It has been a tumultuous week for News International. I could not believe it when the news first broke about phone hacking. It reveals a much darker story about the media. Politicians, journalists and police are entangled in an affair of astronomical disgust. The only welcome news that comes out of the scandals is this: the Murdoch empire is falling from its little pedestal erected by our politicians.
Rupert Murdoch has been allowed to get powerful a long time ago. Margaret Thatcher did little to stop Murdoch acquiring the Times and the Sunday Times in 1981 other than refer the deal to the Monopolies and Mergers Commission (a toothless tiger). He set up Sky in 1989 without any obligations. In 1997, Tony Blair went to Australia to meet him. Previous commitments to tough rules on cross-media ownership were dropped silently. David Cameron has, up to now, allowed that trail to continue.  Jeremy Hunt, in seeking advice from Ofcom about News of the World and BSkyB, is embarrassing Murdoch (and rightly so). For the first time, politicians are ready to take on the Murdoch empire, despite the Vince Cable affair late last year: Ed Miliband, Nick Clegg and others are calling for Murdoch to drop his bid to buy the remainder of BSkyB.
At stake in this whole affair is something larger than just media ownership, but what constitutes ‘fit and proper’ news media with which News of the World has been embroiled. The UK press has been going down the wrong road for a very long time. As one news editor put it:
‘We are aiming to have six sex stories a week. Sex and scandal at the highest level of society always sells, but these stories are notoriously difficult to get. We need to be constantly stirring things up. We must get the readers cross: the appalling state of the railways, the neglect of the NHS, the problem of teenage pregnancies, the inability to get bureaucrats to get enough done properly etc. etc.’
In another example: In 2005, Essex County Council had been forced to take children away from violent and abusive parents to safeguard their well-being. The Daily Mail’s headline: ‘Children Taken From Their Parents Because They Were Not Clever Enough’. Essex County Council appealed to the Press Complaints Commission (PCC), who did nothing. Uproar by the public.  It is when I read news like that when I am truly grateful we have a public BBC (stuff like this would be unimaginable!)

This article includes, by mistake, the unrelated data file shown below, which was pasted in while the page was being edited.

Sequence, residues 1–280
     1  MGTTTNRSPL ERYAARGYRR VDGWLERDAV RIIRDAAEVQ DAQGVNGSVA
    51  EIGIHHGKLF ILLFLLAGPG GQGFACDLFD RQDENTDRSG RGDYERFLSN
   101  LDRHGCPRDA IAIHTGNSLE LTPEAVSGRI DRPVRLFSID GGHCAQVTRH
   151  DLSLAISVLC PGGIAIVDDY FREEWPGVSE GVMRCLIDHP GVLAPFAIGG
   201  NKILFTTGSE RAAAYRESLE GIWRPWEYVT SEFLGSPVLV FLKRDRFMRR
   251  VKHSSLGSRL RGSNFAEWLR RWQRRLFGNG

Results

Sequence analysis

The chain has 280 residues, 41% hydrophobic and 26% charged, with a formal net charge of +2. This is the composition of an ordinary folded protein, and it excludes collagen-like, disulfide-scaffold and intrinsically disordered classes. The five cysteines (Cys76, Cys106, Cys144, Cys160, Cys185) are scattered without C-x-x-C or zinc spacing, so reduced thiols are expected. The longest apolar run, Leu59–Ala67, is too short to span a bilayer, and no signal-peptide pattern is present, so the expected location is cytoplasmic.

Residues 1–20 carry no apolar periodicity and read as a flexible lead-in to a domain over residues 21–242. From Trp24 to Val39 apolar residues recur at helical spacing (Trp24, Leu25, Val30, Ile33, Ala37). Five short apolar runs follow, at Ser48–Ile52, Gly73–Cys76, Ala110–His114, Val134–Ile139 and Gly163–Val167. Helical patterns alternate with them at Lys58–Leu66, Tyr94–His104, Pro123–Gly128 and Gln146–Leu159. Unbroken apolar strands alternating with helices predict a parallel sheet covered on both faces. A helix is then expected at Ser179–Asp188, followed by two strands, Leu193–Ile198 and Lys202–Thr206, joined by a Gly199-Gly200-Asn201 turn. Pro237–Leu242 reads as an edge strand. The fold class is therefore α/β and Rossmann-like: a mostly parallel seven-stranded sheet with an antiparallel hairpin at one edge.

Like it or not, we need more regulation. The PCC is a useless organisation, incapable of anything conducive. Of 28,227 complaints received between 1997 and 2007, only ten per cent were investigated.  The PCC must be abolished. In its place, I would like to see a Press Standards Commission (PSC). The Media Standards Trust said as much in 2010, but most of their reforms were not implemented. We need a PSC with powers to set tariffs for damages caused by mis-reporting and to demand proportional apologies and corrections within two weeks of initial publication.  It should have the same regulatory ambit as television and radio regulation. After all, why can’t we regulate the press if we can regulate TV and radio? It will not lead to under-reporting, nor will it lead to scared journalists fearing a watchdog. They should only fear the watchdog for libel, slander and plain untruths that so many of our toxic waste newspapers publish day in, day out. Journalists should fear publishing material that has a strongly corrosive influence on both the public and politics.
We need a shift towards ‘civic journalism’ that would: ‘not feed on speculative stories that owe little to reality; not amplify specific incidents into systemic failings; not focus on the ambitions that were not achieved rather than the majority that were; and although civic journalism would have to be ‘right’, as in correct in terms of factual content, it would not need to be right now, in terms of being the first to break a story’.  Civic journalism – is this something that we are moving towards post-phone hacking? Something we can hope for? Civic journalism can be emulated, something which Canvas has attempted to do to a degree (although its focus lies much heavier on analysis than journalism).
We need greater plurality in the British media. We do not need more of Murdoch. More than everything else, we need to learn toxic waste management and move towards civic journalism.
 Will Hutton, Them and Us (Little, Brown: London, 2010)
 Matthew Flinders, ‘In Defence of Politics’, Political Quarterly, 2010 – a very good read by all accounts. Look it up online.